Assuntos
Antirreumáticos/uso terapêutico , Artrite Reumatoide/tratamento farmacológico , Bases de Dados Factuais , Padrões de Prática Médica , Qualidade da Assistência à Saúde , Reumatologia/normas , Canadá , Técnica Delfos , Humanos , Índice de Gravidade de Doença
7.
BMJ Open ; 7(8): e016619, 2017 Aug 30.
Artigo em Inglês | MEDLINE | ID: mdl-28855200

RESUMO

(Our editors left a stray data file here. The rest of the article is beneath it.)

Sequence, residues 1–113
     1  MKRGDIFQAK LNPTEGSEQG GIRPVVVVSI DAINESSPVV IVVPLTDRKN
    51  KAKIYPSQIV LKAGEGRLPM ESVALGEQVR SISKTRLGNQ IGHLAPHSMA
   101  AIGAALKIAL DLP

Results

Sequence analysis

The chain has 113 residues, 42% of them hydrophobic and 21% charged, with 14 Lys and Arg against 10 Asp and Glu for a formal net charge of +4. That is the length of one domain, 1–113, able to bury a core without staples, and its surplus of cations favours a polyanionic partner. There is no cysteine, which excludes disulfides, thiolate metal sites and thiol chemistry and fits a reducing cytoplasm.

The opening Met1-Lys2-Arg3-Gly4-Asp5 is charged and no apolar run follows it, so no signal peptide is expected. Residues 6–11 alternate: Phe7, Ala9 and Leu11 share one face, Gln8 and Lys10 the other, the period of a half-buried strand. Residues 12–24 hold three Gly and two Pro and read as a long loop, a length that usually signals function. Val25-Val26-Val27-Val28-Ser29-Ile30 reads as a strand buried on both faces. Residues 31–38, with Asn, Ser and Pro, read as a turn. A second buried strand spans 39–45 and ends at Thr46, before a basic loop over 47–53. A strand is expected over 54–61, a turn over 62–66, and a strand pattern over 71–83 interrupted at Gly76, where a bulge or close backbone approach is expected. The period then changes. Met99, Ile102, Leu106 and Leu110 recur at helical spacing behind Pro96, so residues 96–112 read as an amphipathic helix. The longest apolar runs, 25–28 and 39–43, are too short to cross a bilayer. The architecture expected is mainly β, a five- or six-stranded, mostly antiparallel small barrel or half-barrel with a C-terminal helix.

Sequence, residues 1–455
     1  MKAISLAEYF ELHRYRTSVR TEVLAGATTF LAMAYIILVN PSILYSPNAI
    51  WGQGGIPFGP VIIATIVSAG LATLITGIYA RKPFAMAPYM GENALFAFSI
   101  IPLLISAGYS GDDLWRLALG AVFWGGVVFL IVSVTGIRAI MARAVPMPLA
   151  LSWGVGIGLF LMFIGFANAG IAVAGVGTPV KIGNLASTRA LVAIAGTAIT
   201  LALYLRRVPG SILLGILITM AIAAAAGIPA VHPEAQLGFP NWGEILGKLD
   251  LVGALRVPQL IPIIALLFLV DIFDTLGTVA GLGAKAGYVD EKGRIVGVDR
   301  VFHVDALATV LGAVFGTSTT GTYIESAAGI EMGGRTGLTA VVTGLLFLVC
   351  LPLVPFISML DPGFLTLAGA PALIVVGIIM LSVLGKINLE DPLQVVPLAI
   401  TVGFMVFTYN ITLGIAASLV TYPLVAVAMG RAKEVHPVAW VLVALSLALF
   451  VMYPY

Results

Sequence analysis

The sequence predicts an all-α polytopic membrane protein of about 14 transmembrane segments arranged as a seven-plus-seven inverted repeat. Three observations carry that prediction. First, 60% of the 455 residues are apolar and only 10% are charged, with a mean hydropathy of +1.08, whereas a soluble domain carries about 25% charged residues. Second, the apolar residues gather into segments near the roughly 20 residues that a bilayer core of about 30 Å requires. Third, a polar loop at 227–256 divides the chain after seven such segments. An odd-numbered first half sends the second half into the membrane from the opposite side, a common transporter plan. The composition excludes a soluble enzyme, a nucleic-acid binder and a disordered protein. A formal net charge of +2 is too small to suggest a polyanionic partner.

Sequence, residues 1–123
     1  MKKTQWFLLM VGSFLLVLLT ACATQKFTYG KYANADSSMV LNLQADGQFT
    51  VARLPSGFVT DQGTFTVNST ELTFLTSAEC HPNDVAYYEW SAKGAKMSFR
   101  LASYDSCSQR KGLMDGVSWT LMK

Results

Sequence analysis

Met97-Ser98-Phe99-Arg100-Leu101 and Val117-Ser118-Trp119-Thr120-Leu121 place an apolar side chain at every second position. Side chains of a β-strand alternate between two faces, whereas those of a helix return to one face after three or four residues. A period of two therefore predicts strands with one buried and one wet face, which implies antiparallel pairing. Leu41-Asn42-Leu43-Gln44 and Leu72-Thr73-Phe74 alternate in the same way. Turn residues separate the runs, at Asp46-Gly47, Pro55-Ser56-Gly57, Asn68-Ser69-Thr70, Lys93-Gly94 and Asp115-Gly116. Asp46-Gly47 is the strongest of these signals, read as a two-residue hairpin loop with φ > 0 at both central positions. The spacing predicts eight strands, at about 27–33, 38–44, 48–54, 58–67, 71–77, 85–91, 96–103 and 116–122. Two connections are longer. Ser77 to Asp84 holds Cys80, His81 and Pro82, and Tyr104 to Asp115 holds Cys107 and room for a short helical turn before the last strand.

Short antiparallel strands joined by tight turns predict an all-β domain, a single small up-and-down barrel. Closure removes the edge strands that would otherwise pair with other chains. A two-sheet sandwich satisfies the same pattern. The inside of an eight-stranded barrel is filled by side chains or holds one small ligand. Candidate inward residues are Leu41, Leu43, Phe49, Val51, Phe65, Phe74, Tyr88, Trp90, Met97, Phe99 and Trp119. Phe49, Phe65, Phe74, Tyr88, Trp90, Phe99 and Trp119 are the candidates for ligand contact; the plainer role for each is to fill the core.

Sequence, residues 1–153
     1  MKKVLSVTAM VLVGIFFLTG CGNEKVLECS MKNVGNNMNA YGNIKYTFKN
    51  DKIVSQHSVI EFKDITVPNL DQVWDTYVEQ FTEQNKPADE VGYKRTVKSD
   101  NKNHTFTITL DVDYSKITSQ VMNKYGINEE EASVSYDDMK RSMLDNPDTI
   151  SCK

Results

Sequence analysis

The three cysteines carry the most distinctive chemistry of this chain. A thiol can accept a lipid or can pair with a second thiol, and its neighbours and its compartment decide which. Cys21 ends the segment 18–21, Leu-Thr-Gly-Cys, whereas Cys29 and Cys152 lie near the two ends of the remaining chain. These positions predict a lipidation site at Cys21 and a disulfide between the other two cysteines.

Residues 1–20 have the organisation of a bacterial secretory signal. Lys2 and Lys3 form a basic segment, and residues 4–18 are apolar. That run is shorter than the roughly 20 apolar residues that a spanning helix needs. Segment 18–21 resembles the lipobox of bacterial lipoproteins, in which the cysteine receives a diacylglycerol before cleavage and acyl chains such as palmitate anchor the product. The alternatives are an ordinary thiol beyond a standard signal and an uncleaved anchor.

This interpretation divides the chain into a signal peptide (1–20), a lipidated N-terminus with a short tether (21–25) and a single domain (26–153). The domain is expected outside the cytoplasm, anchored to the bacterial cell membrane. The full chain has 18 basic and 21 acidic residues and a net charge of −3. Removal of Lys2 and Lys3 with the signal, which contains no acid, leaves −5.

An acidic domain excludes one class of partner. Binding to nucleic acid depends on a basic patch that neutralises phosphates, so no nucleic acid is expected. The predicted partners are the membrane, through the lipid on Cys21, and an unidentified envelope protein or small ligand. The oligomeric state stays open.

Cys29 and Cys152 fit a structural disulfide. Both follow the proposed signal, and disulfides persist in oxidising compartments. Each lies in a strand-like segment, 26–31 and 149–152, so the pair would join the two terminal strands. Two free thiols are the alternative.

OBJECTIVE: To describe the minimal disease activity (MDA) rate over time in patients with psoriatic arthritis (PsA) receiving antitumour necrosis factor agents, evaluate prognostic factors of MDA achievement and identify the most common unmet criteria among MDA achievers. DESIGN: Biologic Treatment Registry Across Canada (BioTRAC): ongoing, prospective registry of patients initiating treatment for rheumatoid arthritis, ankylosing spondylitis or PsA with infliximab (IFX), golimumab (GLM) or ustekinumab. SETTING: 46 primary-care Canadian rheumatology practices. PARTICIPANTS: 223 patients with PsA receiving IFX (enrolled since 2005) and GLM (enrolled since 2010) with available MDA information at baseline, 6 months and/or 12 months. PRIMARY AND SECONDARY OUTCOME MEASURES: MDA was defined as ≥5 of the following criteria: 28-item tender joint count (TJC28) ≤1, 28-item swollen joint count (SJC28) ≤1, Psoriasis Area and Severity Index (PASI) ≤1 or body surface area≤3, Pain Visual Analogue Scale (VAS) ≤15 mm, patient's global assessment (PtGA) (VAS) ≤20 mm, Health Assessment Questionnaire (HAQ) ≤0.5, tender entheseal points ≤1. Independent prognostic factors of MDA achievement were assessed with multivariate logistic regression. RESULTS: MDA was achieved by 11.7% of patients at baseline, 43.5% at 6 months, 44.8% at 12 months and 48.8% at either 6 or 12 months. Among MDA achievers at 6 months, 75.7% had sustained MDA at 12 months. Lower baseline HAQ (OR=0.210; 95% CI: 0.099 to 0.447) and lower TJC28 (OR=0.880; 95% CI: 0.804 to 0.964), were significant prognostic factors of MDA achievement over 12 months of treatment. The most commonly unmet MDA criteria among MDA achievers was patient reported pain (25%), PtGA (15%) and PASI (12%). CONCLUSIONS: Almost 50% of patients treated with IFX or GLM in routine clinical care achieved MDA within the first year of treatment. Lower baseline HAQ and lower TJC28, were identified as significant prognostic factors of MDA achievement. The most commonly unmet criteria in patients who achieved MDA were pain, PtGA and PASI. TRIAL REGISTRATION NUMBER: BioTRAC (NCT00741793).